If you’re a beginner and you want to find out who are the most famous violinists in Europe, you might also be interested in a clip-on tuner for your violin. And if you want to find more info about electric violins, we have written an article on that as well.
Born in the Netherlands in 1978, she has been a violinist and violist since 2001. She was raised in a family of musicians, with her father playing the organ, piano, and harpsichord. With her mother being a classical singer, and her brothers playing keyboards and cellos respectively, it’s clear that there is a lot of talent in her family.
She started studying the violin from the young age of 6 and she first appeared as a soloist in 2001 with the National Youth Orchestra of Scotland. Janine doesn’t like to record with a full orchestra but rather with six solo stringed instruments and she often includes her father and one of her brothers.
She got numerous standing ovations, most notably in Berlin and Los Angeles. When discussing her violins, she has performed on 3 different Stradivarius violins and currently, she plays one that was made in 1707 and that is owned by a Norwegian bank subsidiary.
Jansen is a classical player that played and recorded many of the most famous compositions, including Vivaldi’s Four Seasons, or compositions from Bach and Beethoven. When recording an album she usually chooses a composer and makes the whole album about that composer, or she makes renditions of chamber music.
At the age of 62, Nigel Kennedy is still one of the most famous and inspiring violinists and violists. He was also raised in a family of musicians, in England. He graduated the Royal Academy of Music in London at the age of 22 and went on to join the Liverpool Philharmonic Orchestra.
He was considered a prodigy and after becoming a pupil at the Yehudi Menuhin School of Music at the age of 7, he learned music fast. He got to pick up musical notes without the help of written music by the age of 10.
He also got to study in New York and during his time there he used to busker with a friend and that’s how he paid for his studies there. His recording debut came in 1984 with Elgar’s Violin Concerto.
Kennedy continued to record and he sold millions of copies of his albums. In 1991 he published his autobiography, Always Playing, and soon after that stopped performing publicly, only to return to that five years later.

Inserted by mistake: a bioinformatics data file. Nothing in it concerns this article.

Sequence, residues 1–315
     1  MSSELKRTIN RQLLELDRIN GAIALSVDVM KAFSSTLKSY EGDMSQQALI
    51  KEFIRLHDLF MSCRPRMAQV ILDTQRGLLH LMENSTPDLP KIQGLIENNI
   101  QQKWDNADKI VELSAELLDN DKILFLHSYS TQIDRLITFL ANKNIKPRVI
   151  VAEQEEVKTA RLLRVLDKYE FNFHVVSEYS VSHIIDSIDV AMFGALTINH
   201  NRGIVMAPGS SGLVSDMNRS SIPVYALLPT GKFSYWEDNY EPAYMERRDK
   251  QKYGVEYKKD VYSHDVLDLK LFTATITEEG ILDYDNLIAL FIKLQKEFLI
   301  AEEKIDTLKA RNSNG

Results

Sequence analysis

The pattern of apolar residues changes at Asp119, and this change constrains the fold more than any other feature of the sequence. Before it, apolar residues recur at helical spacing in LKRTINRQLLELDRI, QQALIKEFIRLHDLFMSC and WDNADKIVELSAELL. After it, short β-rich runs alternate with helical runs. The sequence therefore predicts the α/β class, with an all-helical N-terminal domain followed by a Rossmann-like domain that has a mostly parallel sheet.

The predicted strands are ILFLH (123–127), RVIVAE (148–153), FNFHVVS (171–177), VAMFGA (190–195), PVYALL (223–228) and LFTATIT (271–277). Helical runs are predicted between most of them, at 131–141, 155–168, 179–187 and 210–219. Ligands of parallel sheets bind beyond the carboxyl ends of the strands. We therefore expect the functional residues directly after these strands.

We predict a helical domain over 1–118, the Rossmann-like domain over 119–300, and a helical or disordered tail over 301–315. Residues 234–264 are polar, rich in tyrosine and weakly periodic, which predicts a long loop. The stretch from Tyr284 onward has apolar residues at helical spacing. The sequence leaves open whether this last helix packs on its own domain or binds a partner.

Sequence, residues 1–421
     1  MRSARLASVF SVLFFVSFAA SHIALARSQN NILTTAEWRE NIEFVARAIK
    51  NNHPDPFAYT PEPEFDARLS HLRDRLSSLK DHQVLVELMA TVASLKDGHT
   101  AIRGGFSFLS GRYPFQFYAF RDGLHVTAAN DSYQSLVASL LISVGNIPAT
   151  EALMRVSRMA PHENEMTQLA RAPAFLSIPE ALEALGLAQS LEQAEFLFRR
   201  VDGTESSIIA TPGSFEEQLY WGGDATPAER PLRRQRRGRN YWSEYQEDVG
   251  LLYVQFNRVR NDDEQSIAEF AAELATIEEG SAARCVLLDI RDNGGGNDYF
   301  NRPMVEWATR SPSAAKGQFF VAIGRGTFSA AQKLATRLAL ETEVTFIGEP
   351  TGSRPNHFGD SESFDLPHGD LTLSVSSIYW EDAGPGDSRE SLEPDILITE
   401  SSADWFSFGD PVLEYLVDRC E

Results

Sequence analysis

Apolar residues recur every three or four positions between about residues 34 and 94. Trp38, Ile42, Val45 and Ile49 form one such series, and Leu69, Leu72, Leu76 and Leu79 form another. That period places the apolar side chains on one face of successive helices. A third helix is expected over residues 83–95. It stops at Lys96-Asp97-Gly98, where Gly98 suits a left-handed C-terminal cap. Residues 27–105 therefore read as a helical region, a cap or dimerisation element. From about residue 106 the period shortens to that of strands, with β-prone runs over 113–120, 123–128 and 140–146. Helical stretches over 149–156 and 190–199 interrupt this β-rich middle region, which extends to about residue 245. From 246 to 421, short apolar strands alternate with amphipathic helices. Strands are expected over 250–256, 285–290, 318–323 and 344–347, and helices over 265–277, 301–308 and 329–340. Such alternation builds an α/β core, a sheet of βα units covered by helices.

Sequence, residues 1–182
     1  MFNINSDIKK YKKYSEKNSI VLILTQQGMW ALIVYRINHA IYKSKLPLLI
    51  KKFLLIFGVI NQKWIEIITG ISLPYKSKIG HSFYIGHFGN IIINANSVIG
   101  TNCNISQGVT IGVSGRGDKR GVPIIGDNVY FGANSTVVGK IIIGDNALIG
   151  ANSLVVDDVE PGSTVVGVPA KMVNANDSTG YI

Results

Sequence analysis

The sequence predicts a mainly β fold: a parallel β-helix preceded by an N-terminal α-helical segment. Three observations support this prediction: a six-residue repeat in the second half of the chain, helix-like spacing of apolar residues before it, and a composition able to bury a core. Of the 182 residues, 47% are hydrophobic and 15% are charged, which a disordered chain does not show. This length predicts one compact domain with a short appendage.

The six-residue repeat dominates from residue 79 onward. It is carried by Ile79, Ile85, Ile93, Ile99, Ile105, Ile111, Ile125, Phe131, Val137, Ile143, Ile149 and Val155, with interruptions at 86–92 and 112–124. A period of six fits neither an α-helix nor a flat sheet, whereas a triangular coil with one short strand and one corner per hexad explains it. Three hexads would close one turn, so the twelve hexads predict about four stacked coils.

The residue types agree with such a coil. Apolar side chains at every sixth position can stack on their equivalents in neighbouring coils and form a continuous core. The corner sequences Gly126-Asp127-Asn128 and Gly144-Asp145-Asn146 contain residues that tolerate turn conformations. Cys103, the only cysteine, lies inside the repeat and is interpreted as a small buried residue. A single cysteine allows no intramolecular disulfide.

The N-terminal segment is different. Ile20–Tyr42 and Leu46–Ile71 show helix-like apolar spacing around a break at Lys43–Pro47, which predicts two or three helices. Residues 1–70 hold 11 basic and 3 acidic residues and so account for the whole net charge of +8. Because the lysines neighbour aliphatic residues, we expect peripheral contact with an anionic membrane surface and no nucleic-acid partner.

He is, however, a controversial person and one may argue that his personality is part of his success. Some consider that he has a “mockney” accent that shows arrogance when he speaks.
Nigel Kennedy isn’t the usual classical player, as he doesn’t conform to norms that well. He sometimes gets late to his shows, making his fans wait longer. In 2017, however, he offered his spectators more than they wanted and showed that he loved playing the violin – during a show he kept playing and playing for many more hours than he was supposed to. Some spectators eventually got tired of it and started to leave.
After starting to play the piano at the age of five, she soon switched to violin. She was born in 1963 in a small town in Germany near Basel called Rheinfelden. She didn’t go straight to a music school but rather took lessons. However, she was passionate and talented enough to win several prizes and that is why she was exempted from school so that she could focus on her musical career.
Mutter went to the Winterthur Conservatory in Switzerland and there she studied under the guidance of Aida Stucki, a great violinist too. Her debut came when she was 13 at the Lucerne Festival where she played Mozart’s Violin Concerto No. 4 in D major.
She made her first recording at the age of 15 consisting of an album of Mozart’s Third and Fifth violin concerti. Her repertoire is a diverse one and although she has a lot of recordings of classical music, she is best known for her performances of contemporary music. She is the muse of many musical compositions dedicated to her.
The violins that she plays and owns are two Stradivarius ones, made in 1703 and 1710 respectively, and two fairly recent additions to her collection – a Finnigan-Klaembt from 1999 and a Regazzi dated 2005.
Born in Riga, Latvia, Kremer is the son of a German-Swedish mother and a Jewish father. His grandfather and his father were well known in Latvia for their skill with the violin and they had a huge impact on him as a boy. With their guidance, he started playing the violin at the age of four.
He studied at the Riga School of Music and later on at the Moscow Conservatory. Kremer managed to win a number of prizes while being a student. Because Latvia was part of the communist block back then, he mainly played in the Soviet Republic.
His first concert in the West was in Vienna, Austria, followed by appearances in Berlin, London, or New York City.
After settling in Germany, he founded a chamber music festival in Lockenhaus, Austria, where he served as an artistic director for 30 years. He was an artistic director for many other festivals and the creator of the Kremerata Baltica chamber orchestra which consists of young players from the Baltic area.
In terms of repertoire, his is a vast one, including the classical pieces that should be expected from a violinist of his standard. Furthermore, it includes music from the twentieth and twenty-first-century composers. Several compositions have been dedicated to him and he performed them as well.
His way of playing the music shows respect toward the initial composition and the tradition, and at the same time, it comes with something new, fresh. That is why he is considered one of the most important violinists to promote contemporary music and the composers that create music today.